For many people, a parking ticket is just a nuisance. But parking enforcement is an important tool in administering city services, like snowplows and fire hydrants, and maintaining access to commercial corridors.
Like other fines and fees, however, their costs can snowball into large court debts that derail finances and job prospects, especially for people with low incomes and communities of color. In recent years, local policymakers and advocates have begun acknowledging and working to address the negative consequences of fines and fees.
In a new brief, we analyzed the scale and dispersion of parking tickets in Austin, Texas; Minneapolis, Minnesota; and Portland, Oregon. If we know how, where, and why parking tickets are issued, we might better understand how to make parking enforcement more efficient and equitable.
Why do people receive parking tickets?
Across the three cities, Portland issued the most parking tickets—more than 468,000 between 2018 and 2019, compared with about 430,000 in Minneapolis and 250,000 in Austin. Most parking tickets were issued for meter-related violations, which accounted for nearly 70 percent of Austin's total tickets during that period.
Consistent with prior analyses, we also found most parking tickets were issued in downtown areas and other commercial corridors. Downtown neighborhoods typically have a higher density of offices, shops, and restaurants, which can mean fewer free parking spaces and higher visitor turnover daily. In Austin, the two downtown census tracts with the most parking citations comprised 37 percent of the total number of citations issued in the city. In Portland and Minneapolis, they comprised 25 and 21 percent.
Tract Level Map of Parking Ticket Total Amounts in Minneapolis, 2018–19
Source: Authors' calculations.
In addition to meter violations, tickets were issued for parking in a no-parking zone, failure to display current registration, and parking within 15 feet of a fire hydrant. And there were also city-specific tickets, with a relatively large share of tickets tied to winter parking restrictions in Minneapolis.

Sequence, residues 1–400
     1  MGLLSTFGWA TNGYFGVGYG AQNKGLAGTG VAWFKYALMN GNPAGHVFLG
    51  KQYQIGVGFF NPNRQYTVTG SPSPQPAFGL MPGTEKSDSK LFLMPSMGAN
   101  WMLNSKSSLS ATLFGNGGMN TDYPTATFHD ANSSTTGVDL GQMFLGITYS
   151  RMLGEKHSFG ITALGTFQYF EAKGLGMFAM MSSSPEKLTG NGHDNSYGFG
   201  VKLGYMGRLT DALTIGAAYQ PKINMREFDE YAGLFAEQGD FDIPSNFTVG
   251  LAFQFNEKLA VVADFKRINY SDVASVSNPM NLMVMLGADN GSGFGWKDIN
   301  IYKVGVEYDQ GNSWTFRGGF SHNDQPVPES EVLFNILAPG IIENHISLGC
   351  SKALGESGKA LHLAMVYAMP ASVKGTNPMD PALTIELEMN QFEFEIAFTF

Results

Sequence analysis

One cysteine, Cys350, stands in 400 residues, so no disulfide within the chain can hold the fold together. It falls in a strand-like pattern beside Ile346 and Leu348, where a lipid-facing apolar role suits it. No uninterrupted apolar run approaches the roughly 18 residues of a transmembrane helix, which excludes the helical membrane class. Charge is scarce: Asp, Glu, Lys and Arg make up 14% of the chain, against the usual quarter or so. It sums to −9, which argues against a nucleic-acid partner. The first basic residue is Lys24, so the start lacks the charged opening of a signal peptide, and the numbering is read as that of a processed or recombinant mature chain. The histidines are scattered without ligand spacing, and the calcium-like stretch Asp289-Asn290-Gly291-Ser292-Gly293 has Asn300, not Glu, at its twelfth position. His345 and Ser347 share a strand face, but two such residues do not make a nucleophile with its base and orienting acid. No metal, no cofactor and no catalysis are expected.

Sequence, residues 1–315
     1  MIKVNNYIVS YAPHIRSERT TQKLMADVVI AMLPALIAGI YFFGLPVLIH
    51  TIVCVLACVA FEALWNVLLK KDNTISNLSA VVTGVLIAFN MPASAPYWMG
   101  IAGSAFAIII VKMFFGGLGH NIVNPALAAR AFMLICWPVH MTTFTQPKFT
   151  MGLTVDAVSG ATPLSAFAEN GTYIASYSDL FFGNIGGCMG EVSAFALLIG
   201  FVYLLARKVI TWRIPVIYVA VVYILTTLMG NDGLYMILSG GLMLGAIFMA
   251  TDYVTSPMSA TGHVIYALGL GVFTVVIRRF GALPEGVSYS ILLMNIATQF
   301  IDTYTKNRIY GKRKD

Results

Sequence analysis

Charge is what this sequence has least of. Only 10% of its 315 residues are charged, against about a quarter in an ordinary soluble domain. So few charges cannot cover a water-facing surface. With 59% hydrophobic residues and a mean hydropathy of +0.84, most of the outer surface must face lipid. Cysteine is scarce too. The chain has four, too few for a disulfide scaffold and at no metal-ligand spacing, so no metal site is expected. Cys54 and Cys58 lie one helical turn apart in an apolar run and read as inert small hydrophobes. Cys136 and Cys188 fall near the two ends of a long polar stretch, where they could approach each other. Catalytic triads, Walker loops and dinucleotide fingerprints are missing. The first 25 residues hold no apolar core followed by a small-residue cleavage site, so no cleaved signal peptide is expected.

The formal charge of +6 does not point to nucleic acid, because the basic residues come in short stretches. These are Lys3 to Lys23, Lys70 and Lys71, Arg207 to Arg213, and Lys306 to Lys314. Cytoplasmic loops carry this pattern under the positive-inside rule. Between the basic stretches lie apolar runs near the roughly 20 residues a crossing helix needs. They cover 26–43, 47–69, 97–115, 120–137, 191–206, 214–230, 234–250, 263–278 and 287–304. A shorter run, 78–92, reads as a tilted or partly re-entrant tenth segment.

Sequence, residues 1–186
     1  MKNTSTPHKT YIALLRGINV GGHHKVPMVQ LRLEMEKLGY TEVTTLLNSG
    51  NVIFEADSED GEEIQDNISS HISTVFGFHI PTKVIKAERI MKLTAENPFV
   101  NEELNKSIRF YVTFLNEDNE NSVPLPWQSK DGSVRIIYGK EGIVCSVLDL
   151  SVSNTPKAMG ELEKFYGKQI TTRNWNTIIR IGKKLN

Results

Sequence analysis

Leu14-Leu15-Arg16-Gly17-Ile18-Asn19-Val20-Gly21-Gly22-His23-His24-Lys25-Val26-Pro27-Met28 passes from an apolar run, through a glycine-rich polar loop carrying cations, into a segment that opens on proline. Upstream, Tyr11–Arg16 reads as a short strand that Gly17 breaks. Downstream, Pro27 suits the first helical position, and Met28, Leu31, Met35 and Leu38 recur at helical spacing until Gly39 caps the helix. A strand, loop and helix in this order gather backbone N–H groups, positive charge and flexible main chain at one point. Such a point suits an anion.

What's the actual price of a parking violation? And how many go unpaid?
Between 2018 and 2019, the average parking ticket ranged from $35 in Austin to about $80 in Minneapolis and Portland. In terms of revenue, Austin collected $8.7 million from parking violations, compared with around $37 million in both Minneapolis and Portland. Overall, Minneapolis issued more than one parking ticket per city resident and had the highest amount cited per resident ($89) across the three cities.
Tickets often include not just “base fines,” but various fees and surcharges to cover administrative costs, most bearing no relation to the severity of the offense. In Minneapolis, the total cost of a parking violation includes a base fine, a $12 parking surcharge, and a $3 law library fee. But we were unable to separate each city’s ticket components (fine versus fee versus surcharge) in our data.
Stacked fees can make parking tickets much more expensive and, because ticket amounts typically don’t account for people’s ability to pay, can contribute to court debt.
Of the cities we studied, only Austin provided data on outstanding parking ticket amounts. As of September 2022, more than $2 million in outstanding tickets were owed to the city, accounting for about 23 percent of the total tickets issued between 2018 and 2019.
Prior research from Chicago; DC; Durham, North Carolina; Las Vegas; and Los Angeles (PDF) have shown that parking tickets can disproportionately affect areas where more families with lower incomes reside, disproportionately Black communities.
In our preliminary analysis of parking ticket incidence against the composition of census tracts by race, ethnicity, and income, we didn’t find significant ticketing disparities in Austin, Minneapolis, and Portland. However, further information is needed to fully understand the equity implications of parking tickets.
What can stakeholders do with these data?
Our analysis shows that hundreds of thousands of parking tickets are issued in cities every year. This can amount to more than one ticket issued per resident, costing hundreds of dollars for certain parking violations. But many tickets also go unpaid.
To alleviate some of those burdens without significant impact on city revenues, the evidence suggests policymakers and advocates can explore reforms such as amnesty programs, payment plans for those least able to pay, and forgiveness of old court debts.
Though the publicly available data illustrate the scale and geographic dispersion of tickets across cities, they're insufficient to answer the next set of critical questions, such as who is getting ticketed the most, how many tickets go unpaid and why, and whether tickets stem from poor signage or lack of other transportation options.
As local policymakers and advocates embark on fines and fees reforms, better and more granular data could improve parking enforcement and ease financial burdens from tickets.